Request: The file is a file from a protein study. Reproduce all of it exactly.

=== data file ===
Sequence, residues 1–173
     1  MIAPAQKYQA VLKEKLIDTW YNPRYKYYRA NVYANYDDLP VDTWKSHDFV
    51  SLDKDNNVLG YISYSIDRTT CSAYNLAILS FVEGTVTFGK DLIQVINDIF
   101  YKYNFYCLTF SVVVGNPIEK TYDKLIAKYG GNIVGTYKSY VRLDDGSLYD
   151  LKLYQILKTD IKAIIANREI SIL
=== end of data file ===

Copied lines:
Sequence, residues 1–173
     1  MIAPAQKYQA VLKEKLIDTW YNPRYKYYRA NVYANYDDLP VDTWKSHDFV
    51  SLDKDNNVLG YISYSIDRTT CSAYNLAILS FVEGTVTFGK DLIQVINDIF
   101  YKYNFYCLTF SVVVGNPIEK TYDKLIAKYG GNIVGTYKSY VRLDDGSLYD
   151  LKLYQILKTD IKAIIANREI SIL